OKEECHOBEE — The National Association for Citizens on Patrol was founded in 1999, and as the name implies, the group is made up of volunteers who, after a background check, screening and some training, act as the eyes and ears of local law enforcement. Citizens on Patrol are known by many names such as Citizen Observer Patrols, Volunteers in Action, Senior Volunteer Patrol, etc. Here in Okeechobee, we have a Citizens Observation Patrol (COP) group. Sheriff Ed Miller started it back in the late 90s with approximately 20 volunteers. Sheriff Noel Stephen said the program has an average of 20 volunteers during the summer months and about 40 during the season, and they contribute about 1,000 hours of manpower per month to the sheriff’s office. Members help to deter crime by conducting patrols in agency cars and on foot. They have the use of three vehicles, and the sheriff said the cost of the program is minimal because they use high-mileage vehicles that have been handed down to the program. The only other costs are the hats and shirts for the volunteers.
The COPS perform duties such as checking on businesses when they know the owners are on vacation, patrolling neighborhoods where law enforcement doesn’t spend a lot of time and checking on seniors who are alone or who have an infirmity. They even help with community events and participate in Seniors versus Crime and the sheriff has been trying to work it out so that they can act as receptionists for the United Way House.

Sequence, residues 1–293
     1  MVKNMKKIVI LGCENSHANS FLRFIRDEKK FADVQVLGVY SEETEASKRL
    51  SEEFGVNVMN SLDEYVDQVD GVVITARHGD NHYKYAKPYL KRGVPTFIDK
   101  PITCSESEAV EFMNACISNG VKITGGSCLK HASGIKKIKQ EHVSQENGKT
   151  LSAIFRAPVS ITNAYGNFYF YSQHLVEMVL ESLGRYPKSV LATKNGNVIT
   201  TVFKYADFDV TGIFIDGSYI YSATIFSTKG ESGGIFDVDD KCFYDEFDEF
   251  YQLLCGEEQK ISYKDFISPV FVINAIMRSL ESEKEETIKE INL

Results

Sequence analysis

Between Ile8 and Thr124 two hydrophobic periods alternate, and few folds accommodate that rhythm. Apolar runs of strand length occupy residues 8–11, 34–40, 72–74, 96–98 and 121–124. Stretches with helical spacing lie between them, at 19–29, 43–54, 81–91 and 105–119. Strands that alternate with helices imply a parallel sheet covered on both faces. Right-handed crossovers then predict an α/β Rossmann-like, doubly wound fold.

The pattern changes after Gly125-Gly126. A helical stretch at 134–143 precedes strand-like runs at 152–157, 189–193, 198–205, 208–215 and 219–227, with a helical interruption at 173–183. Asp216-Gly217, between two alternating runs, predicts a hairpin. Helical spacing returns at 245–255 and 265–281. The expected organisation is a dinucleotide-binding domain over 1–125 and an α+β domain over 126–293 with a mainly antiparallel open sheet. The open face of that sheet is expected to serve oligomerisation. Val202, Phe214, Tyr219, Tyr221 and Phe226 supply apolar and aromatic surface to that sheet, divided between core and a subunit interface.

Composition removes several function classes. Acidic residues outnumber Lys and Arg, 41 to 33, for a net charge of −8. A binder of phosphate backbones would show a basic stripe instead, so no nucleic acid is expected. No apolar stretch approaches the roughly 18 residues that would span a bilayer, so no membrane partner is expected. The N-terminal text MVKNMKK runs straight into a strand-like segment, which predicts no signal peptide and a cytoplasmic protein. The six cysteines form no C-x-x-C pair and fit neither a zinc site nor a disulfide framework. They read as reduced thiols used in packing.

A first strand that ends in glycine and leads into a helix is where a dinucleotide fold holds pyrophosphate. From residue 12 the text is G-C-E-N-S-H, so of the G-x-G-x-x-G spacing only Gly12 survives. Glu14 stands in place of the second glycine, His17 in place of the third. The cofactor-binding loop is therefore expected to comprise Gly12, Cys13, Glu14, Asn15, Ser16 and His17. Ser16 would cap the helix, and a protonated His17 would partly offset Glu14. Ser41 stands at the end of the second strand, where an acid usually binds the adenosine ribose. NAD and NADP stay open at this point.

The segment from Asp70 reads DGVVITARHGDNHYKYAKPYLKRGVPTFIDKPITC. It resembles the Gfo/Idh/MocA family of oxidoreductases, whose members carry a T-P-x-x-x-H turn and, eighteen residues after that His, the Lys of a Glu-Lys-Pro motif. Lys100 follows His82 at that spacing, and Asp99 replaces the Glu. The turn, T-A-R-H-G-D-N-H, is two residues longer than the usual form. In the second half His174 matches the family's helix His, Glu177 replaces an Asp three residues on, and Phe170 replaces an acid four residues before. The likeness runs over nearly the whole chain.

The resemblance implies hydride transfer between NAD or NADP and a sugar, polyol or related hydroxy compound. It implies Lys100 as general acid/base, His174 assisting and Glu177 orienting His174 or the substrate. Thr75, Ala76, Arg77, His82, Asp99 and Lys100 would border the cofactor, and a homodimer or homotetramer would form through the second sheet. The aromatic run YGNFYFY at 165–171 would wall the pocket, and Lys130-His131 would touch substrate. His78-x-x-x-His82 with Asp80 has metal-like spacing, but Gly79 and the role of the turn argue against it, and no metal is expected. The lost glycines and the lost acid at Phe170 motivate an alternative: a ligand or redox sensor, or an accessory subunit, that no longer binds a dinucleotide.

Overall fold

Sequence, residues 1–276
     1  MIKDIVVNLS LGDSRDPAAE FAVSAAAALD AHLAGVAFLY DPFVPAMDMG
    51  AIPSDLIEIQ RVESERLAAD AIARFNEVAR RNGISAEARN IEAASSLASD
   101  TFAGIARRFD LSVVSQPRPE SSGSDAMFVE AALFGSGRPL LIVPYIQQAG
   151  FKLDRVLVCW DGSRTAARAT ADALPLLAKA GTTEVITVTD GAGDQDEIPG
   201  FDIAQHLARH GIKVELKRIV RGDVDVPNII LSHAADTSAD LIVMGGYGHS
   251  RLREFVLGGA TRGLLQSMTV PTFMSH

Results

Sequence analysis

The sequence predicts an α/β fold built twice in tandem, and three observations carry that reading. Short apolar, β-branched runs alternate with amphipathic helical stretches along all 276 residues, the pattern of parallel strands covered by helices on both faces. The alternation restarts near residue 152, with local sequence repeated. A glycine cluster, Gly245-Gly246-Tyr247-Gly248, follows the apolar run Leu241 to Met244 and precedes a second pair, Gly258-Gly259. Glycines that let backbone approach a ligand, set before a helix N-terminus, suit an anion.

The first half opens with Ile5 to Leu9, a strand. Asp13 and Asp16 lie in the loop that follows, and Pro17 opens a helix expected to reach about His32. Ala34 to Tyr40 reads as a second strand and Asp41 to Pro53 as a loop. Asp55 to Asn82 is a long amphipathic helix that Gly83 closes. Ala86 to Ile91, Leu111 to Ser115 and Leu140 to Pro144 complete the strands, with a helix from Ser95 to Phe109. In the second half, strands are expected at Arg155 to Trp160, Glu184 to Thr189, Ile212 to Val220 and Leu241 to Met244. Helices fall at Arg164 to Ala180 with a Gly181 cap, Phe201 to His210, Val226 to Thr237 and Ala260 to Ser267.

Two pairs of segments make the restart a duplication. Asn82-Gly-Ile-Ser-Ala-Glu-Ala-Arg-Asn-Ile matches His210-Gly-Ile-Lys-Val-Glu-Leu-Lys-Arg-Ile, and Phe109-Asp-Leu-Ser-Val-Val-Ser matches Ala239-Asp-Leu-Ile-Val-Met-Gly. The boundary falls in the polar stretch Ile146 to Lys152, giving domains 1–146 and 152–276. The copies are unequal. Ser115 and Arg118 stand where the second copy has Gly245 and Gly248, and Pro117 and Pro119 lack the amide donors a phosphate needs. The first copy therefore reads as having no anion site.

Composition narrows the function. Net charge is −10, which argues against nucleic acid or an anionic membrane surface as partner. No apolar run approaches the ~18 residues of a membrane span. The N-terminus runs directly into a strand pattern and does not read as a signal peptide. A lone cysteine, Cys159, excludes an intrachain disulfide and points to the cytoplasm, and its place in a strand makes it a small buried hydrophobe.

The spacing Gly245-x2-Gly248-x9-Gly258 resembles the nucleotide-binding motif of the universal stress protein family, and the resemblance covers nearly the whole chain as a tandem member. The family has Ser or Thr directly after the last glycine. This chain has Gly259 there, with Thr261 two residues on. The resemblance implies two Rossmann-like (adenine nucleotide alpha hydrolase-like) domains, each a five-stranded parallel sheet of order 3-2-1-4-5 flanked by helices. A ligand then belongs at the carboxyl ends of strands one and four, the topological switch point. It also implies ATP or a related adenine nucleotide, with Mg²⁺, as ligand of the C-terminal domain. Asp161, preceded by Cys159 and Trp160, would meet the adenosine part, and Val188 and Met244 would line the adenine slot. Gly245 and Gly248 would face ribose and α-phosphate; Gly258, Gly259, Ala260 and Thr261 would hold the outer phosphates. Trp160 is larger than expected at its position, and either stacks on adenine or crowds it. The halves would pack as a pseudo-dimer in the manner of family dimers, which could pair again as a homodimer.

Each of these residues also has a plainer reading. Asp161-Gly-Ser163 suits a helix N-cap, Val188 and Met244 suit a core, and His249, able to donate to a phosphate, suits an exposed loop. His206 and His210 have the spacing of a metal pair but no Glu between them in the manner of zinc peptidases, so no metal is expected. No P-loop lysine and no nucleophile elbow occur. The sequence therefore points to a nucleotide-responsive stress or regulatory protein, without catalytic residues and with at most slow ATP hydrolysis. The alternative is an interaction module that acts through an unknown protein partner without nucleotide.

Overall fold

Sgt. Maj. Jack Nash is in charge of the group. They meet weekly, on Monday mornings at 9 a.m. The majority of the volunteers are retired senior citizens. Sgt. Maj. Nash keeps a schedule so everyone knows when they are working and where. They usually have two to three people at a time in the car. Some of the volunteers have been with the program for years, and one man has been a part of the group since its inception.
Sheriff Noel Stephen said, “They provide a service to the sheriff’s office and to the community that we otherwise couldn’t afford.”
Sheriff Stephen cited an example of a time COPS were invaluable in deterring crime. On Sunday, May 20, 2018, COP partners Jim and Beverly McVeigh were conducting house checks in the area of Oasis Village when they noticed an unfamiliar vehicle at one of the residences and spoke with the driver of the vehicle, who gave them a story that they knew to be false. The McVeighs documented the description of the suspect, vehicle and the tag, photographed the vehicle and contacted OCSO dispatch. Deputies arrived and retrieved the information from the McVeighs. Subsequently, a suspect was arrested and charged with burglary.
“This is an excellent example of great teamwork! I appreciate the job done by all my men and women, both paid and volunteers, to making our community better each and every day,” said Sheriff Stephen.
Anyone interested in joining the program can call the sheriff’s office and ask for Sgt. Maj. Nash. After a background check, you will be invited to a meeting and then for a ride-along to see how you like it.